Education in Burundi | Global Partnership for Education



In fragile states and countries experiencing crises such as Burundi GPE’s priority is to keep education going and remain a neutral, universally accepted player to help maintain partners'...
In most countries above the Equator, children are going back to school these days. However, not all children live the excitement of getting back into a classroom.

Education in Burundi

The government of Burundi has identified education as a core focus of its long-term development vision. In 2013 Burundi allocated 17.2% of its public expenditure budget to education, equivalent to 5.4% of GDP (Source: UNESCO Institute for Statistics).

The current education sector plan, Programme sectoriel de développement de l’éducation et de la formation (PSDEF) covers the years 2012-2020 and sets out to “achieve universal primary education and to educate the majority of youth until they reach an age where they can find their place in society.”

To achieve this vision, the government of Burundi has laid out the following sector priorities:

  1. Decongestion of schools and increased fluidity between education levels through:
    • classroom construction
    • reduction of repetition rates
    • reduction of double-shift classrooms so as to increase actual learning time
  2. Reform of the secondary school cycle to introduce a nine year basic education cycle and encourage secondary school enrollment after six years of primary
  3. Strengthening sector-management through:
    • accelerated decentralization
    • improvement in financial management, human resource management, pedagogical supervision
    • data collection
    • better construction planning and management
  4. Increasing equity through:
    • reduction of double-shift schools, disadvantageous to both teachers and students
    • inclusion of gender issues in the curriculum
    • increased support to students with special needs by working with NGOs and other partners to establish pilot programs
    • construction of accessible schools


All amounts are in US dollars.

Grant type Years Allocations Disbursements Grant agent
Program implementation 2016-2018 20,100,000 2,781,884 UNICEF
2013-2016 32,800,000 32,800,000 Belgium
  TOTAL 52,900,000 35,581,884  


Source: World Bank - Education Data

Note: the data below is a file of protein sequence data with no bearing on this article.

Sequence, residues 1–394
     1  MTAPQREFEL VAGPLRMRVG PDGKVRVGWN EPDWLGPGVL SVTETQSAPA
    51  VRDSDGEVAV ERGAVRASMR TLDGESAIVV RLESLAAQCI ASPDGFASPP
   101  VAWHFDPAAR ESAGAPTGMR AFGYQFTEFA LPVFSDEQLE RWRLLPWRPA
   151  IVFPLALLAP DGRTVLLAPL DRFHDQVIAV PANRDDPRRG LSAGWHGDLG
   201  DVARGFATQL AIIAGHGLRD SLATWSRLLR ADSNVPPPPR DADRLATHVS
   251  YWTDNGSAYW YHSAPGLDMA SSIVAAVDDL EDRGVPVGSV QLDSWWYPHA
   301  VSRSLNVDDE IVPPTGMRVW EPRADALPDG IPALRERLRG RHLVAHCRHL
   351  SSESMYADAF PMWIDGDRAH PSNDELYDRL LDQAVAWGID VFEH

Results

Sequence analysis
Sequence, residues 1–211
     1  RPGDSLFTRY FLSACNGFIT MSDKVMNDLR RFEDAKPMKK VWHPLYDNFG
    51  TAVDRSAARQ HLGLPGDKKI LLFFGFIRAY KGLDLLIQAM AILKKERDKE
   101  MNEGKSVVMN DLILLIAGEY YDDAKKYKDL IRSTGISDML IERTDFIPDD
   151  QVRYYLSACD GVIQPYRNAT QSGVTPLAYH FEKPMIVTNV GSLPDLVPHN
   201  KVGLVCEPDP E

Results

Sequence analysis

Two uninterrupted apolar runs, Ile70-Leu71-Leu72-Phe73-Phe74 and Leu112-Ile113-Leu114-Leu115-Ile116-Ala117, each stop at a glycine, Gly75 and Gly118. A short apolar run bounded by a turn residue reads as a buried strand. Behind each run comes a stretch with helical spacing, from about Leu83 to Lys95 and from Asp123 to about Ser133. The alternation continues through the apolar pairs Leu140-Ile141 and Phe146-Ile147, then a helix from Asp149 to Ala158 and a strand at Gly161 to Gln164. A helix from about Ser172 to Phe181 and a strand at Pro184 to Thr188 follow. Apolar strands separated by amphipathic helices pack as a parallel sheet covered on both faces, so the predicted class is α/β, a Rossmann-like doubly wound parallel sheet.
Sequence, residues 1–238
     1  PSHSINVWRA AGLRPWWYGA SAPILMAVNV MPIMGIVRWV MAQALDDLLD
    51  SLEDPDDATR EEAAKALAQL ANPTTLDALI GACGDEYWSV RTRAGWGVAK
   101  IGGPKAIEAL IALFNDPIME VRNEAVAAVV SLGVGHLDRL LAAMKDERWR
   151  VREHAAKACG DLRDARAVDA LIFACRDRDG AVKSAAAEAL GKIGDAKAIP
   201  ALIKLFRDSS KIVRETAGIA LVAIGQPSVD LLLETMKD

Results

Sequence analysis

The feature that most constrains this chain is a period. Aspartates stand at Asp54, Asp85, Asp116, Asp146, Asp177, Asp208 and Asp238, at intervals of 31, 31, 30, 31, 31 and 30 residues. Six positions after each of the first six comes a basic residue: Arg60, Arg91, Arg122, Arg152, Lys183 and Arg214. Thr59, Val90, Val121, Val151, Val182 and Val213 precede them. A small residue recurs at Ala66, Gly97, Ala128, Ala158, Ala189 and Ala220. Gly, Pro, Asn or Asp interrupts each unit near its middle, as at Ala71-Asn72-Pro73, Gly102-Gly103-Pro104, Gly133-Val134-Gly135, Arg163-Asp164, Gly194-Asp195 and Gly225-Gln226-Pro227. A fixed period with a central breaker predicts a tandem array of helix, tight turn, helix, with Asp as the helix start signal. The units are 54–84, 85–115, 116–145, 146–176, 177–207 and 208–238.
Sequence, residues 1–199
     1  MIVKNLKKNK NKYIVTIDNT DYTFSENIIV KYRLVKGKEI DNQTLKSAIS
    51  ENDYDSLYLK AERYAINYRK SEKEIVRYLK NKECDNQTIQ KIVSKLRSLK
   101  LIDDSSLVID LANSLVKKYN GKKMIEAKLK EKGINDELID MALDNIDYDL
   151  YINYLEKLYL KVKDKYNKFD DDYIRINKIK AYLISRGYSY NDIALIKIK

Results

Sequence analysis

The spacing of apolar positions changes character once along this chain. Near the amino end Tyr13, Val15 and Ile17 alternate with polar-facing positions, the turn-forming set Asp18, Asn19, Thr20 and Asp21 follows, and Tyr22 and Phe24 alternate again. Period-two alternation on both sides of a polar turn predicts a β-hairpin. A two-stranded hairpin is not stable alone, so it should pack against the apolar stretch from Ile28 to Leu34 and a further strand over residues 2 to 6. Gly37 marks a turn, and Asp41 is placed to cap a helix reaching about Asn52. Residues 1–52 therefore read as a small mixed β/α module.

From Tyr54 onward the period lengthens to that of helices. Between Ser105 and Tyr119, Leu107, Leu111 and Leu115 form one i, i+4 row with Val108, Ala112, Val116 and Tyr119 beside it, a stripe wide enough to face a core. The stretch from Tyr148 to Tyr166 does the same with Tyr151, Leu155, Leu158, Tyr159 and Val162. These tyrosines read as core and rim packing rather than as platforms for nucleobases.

Data on education are compiled by the United Nations Educational, Scientific, and Cultural Organization (UNESCO) Institute for Statistics from official responses to surveys and from reports provided by education authorities in each country.


Primary Gross Enrollment Rate (%)

Primary Completion Rate (%)

Lower Secondary Completion Rate (%)

Out-of-school Children Rate (%)

Domestic Financing

Public Expenditure on Education as Share of GDP (%)

Public Expenditure on Education as a Share of Public Expenditure (%)

Public Expenditure on Primary as a Share of Total Education Expenditure (%)


Student/Teacher Ratio

Teachers Trained (%)

GPE in Burundi

A school child smiles in the courtyard of Kanyosha Primary School in Burundi. Credit: UNICEF Burundi/Nijimbere

In 2012, the GPE Board of Directors approved a grant of US$52.9 million for 2013-2016 with Belgium as grant agent.

The political crisis that the country experienced since 2015 has had a big impact on the education sector:

  • some schools were closed, students missed exams, and the school year 2015-2016 could not start on time
  • there were large population movements inside the country and to neighboring countries
  • some schools were occupied by police or military forces, and the political neutrality of the education sector was compromised in certain areas.

The crisis also led several development partners to suspend their funding and leave the country, making it more difficult to maintain progress.

Initially set up as a pooled-fund arrangement aligned to Burundi’s education sector plan, the grant was restructured in 2016 after the political crisis and is now managed as a program with UNICEF as grant agent; its deadline was extended to 2018.

The program’s objective, in line with the priorities that had been identified at the start of the program, is to minimize the impact of the crisis on the education system and children’s schooling. It has three components:

  1. Consolidate access to education and improve equity in basic education through school building and rehabilitation, equipment and awareness campaigns
  2. Improve education quality, including through curriculum reform
  3. Improve management of the education system through capacity building and better data collection and analysis.

In Burundi, the local education group is led by UNICEF (coordinating agency).

Source: Program document for Burundi. July 2012


The GPE grant has recently been restructured. However the pool funded project contributed to achieving the following results between 2013 and 2015:

  • 62% of students transitioned from 6th to 7th grade, over the target of 58% for the project
  • Introduction of a 7th year of schooling in primary school (called “enseignement fondamental”), allowing more than 145,000 students to continue to attend school (rather than dropping out in secondary)
  • 105 girls attend school for every 100 boys. However, this national trend favoring girls hides considerable disparities in provinces such as Cibitoke and Ruyigi, where more boys attend school than girls
  • 14.1% average annual growth of enrollments in secondary school between 2003 and 2013.

Source: Implementation report (December 2014)–Rapport de Suivi Q3 & Q4 2014

Last updated January 05, 2017